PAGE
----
R. Jonathan Sacks, One People? Tradition, Modernity, and Jewish Unity, pp. 88-89:
[B]y the end of the nineteenth century Reform and secular Zionism were powerful forces, and Orthodoxy was bound to part company with both.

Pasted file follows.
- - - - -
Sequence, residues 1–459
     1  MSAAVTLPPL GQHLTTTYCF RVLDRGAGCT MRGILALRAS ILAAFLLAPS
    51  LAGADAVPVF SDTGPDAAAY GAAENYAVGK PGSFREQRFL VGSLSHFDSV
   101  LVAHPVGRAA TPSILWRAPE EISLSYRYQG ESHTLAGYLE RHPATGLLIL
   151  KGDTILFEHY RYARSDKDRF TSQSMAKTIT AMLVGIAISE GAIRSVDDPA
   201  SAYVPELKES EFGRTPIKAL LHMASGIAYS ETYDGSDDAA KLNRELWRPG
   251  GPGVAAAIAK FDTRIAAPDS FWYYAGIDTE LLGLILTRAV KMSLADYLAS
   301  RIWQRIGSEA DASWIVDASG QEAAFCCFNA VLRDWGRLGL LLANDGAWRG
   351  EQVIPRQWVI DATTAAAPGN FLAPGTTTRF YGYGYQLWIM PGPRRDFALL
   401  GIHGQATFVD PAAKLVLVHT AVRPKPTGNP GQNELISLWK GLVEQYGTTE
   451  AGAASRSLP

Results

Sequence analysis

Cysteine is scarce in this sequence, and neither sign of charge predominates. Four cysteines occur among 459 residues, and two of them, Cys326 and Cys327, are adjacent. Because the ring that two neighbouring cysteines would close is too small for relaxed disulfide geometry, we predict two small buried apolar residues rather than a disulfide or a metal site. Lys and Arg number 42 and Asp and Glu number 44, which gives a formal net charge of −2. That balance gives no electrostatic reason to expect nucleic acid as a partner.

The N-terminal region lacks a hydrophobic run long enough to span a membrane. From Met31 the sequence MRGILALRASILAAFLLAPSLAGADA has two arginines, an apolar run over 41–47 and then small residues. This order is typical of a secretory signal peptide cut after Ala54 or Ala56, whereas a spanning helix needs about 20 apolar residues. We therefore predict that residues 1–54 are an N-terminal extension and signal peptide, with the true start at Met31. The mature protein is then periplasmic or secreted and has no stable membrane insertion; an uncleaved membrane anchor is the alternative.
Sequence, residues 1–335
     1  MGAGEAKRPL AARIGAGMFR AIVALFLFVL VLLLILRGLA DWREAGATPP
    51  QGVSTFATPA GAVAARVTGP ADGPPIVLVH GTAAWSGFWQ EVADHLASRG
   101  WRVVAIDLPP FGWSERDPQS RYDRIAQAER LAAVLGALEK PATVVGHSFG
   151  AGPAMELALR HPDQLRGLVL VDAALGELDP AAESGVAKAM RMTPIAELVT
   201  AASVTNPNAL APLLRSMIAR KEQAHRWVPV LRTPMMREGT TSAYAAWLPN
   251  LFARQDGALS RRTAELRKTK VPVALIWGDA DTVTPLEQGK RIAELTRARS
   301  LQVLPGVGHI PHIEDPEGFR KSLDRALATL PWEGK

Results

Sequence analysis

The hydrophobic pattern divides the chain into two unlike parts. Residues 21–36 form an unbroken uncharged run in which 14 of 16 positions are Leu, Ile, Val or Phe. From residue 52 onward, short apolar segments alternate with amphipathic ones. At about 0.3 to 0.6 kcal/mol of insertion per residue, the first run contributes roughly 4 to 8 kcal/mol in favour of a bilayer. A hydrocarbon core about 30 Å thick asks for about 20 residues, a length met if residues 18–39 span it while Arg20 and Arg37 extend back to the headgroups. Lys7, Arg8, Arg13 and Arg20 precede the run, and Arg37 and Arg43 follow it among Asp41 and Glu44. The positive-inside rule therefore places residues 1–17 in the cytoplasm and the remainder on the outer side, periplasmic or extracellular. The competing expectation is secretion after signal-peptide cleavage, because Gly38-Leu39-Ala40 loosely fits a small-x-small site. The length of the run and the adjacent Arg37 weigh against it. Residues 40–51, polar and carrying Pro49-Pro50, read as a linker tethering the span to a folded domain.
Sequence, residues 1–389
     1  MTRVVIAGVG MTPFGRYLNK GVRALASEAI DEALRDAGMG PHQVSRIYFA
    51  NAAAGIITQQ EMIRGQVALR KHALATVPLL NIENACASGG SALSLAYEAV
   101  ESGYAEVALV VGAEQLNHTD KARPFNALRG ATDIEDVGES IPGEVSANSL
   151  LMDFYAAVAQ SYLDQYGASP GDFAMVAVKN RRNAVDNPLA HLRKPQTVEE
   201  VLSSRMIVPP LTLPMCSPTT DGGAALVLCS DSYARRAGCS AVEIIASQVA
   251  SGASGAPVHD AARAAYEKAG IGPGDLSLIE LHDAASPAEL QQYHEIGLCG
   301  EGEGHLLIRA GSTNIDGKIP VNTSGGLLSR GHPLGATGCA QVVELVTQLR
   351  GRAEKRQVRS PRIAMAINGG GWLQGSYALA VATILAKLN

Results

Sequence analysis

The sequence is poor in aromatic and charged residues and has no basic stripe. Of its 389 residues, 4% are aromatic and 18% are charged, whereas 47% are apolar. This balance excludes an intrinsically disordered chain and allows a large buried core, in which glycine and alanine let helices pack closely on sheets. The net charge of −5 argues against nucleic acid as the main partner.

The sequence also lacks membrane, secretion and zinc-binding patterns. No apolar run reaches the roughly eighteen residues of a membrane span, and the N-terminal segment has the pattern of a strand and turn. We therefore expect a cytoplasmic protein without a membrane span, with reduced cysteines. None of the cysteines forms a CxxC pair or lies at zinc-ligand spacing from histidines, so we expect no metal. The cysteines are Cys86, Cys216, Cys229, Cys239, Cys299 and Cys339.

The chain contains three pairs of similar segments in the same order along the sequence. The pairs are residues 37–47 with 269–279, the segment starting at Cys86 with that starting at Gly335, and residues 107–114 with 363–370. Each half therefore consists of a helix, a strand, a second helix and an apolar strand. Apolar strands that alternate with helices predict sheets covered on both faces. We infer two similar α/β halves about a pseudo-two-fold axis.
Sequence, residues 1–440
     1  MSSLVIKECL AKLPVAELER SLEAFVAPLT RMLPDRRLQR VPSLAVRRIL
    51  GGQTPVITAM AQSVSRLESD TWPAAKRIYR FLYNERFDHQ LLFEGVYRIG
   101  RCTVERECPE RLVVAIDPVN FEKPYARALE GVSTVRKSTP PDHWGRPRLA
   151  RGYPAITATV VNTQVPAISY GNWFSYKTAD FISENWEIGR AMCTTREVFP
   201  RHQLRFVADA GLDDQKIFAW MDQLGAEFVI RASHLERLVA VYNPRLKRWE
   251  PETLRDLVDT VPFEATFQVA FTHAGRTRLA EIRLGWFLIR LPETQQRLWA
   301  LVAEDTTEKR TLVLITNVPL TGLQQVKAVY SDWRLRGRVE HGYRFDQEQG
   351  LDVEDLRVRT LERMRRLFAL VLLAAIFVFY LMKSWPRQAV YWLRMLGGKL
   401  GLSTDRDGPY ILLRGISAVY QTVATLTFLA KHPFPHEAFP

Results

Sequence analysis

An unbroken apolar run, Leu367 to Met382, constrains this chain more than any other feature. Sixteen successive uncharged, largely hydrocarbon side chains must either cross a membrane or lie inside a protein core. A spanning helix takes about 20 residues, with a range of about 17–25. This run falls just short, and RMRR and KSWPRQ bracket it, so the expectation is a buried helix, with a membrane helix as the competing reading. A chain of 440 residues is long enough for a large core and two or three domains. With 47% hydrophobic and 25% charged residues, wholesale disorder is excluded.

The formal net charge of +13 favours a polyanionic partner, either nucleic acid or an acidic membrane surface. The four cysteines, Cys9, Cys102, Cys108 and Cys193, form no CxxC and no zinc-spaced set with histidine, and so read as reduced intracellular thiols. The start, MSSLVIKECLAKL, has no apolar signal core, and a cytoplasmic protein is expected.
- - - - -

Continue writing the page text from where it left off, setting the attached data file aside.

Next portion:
But there were profound divisions within Orthodoxy itself. There were movements to hold together what secularization was dividing apart: Torah and secular culture, Judaism and Zionism, and the Jewish people. Paradoxically these three movements -- torah im derekh eretz, religious Zionism, and communally involved (Gemeinde) Orthodoxy -- have often been grouped together under the name 'Modern Orthodoxy'. Strictly speaking, however, they were the opposite, for they were an attempt to go against the grain of modernity. Contemporary culture replaces the traditional 'and' with a distinctive 'or': Torah or secular culture, Judaism or Zionism, Orthodoxy or the Jewish people as a whole. In each case religious principle suggested that the former must take precedence over the latter. So modernity favored those branches of Orthodoxy that made the choice, rather than those that resisted it. While in principle they retained their commitment to derekh eretz, the return to Zion, and Jewish unity, in practice the full implications of these tenets were neutralized. So the cluster of attitufes associated with secessionist Orthodoxy -- rejection of secular culture, an attitude of detachment towards the State of Israel, and a refusal to engage in joint action with the non-Orthodox -- has prevailed. Modernity has been hostile to 'Modern Orthodoxy'.